India To Test Missile With Over 5,000 Km Range Amid Renewed Tensions With China In Arunachal's Tawang
India could test a long-range missile in the Indian Ocean amid renewed tensions along the Line of Actual Control with China following clashes in Arunachal Pradesh's Tawang district on 9 December.
India notified a no-fly zone, indicative of a missile test, last month. The notice, which is ment to alert aircraft pilots of potential hazards, suggests that the test could take place on 15 or 16 December.
The notification suggests that the missile likely to be tested will fly to a maximum distance of 5,400 kilometers.
Experts believe India is may test its K-4 submarine-launched ballistic missile (SLBM) or land-based Agni-V missile.
While Agni V has a stated range of 5,000 km, K-4 is believed to be capable of striking targets up to a range of 3,500-4,000 km.
The addition of the K-4 missile to India's SLBM arsenal will improve the credibility of the sea leg of India's nuclear triad, which is the ability to launch a nuclear strike from land, air, and sea.
India's only operational ballistic missile submarine (SSBN), INS Arihant, currently carries K-12 SLBMs. With a range of just 750 km, a K-12 fired from an SSBN in the Bay of Bengal can't reach China's industrial or population centres. However, with a range of over 3,500 kilometres, the K-4 missile will give India's SSBNs the capability to strike targets in a large part of China, including Beijing, from the northern region of the Bay of Bengal.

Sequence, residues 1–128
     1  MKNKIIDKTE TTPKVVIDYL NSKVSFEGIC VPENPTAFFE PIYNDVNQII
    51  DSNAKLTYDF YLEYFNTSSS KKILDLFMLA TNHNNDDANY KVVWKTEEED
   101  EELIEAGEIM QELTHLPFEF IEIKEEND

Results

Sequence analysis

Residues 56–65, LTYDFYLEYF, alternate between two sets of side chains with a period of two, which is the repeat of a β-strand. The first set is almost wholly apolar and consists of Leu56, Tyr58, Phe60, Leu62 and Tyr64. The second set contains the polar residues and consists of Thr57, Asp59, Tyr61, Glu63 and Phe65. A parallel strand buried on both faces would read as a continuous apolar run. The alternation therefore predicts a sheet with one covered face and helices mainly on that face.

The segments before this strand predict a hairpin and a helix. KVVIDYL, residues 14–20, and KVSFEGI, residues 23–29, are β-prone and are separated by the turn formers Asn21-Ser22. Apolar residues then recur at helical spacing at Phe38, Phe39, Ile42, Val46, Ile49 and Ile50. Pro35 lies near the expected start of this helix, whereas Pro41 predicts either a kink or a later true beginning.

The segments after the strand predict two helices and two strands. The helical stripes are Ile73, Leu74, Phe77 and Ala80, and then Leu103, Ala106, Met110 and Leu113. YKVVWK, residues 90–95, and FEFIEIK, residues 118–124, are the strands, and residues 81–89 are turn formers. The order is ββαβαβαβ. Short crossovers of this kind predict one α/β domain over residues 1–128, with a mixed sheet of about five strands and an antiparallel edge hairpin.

Given its 'no first use' nuclear posture, India needed to demonstrate the capability to launch a second strike or the ability to respond to a nuclear attack with one of its own. An assured second-strike capability is an essential element for effective strategic deterrence.
SSBNs are believed to be the most survivable of the three legs of the nuclear triad. While land-based missiles and aircraft meant for nuclear weapons delivery can be targeted by the enemy in a first, counterforce strike, taking out SSBNs at sea is relatively more difficult. These boats can remain underwater for long durations of time to avoid detection.
In case of a first strike that destroys nuclear weapons and land-based nuclear delivery systems, India can launch a retaliatory strike with its surviving SSBNs. For this, India will need a continuous at-sea deterrent, and the commissioning of the three SSBNs currently in the pipeline — Arighat, S4 and S4* — will give India this capability.
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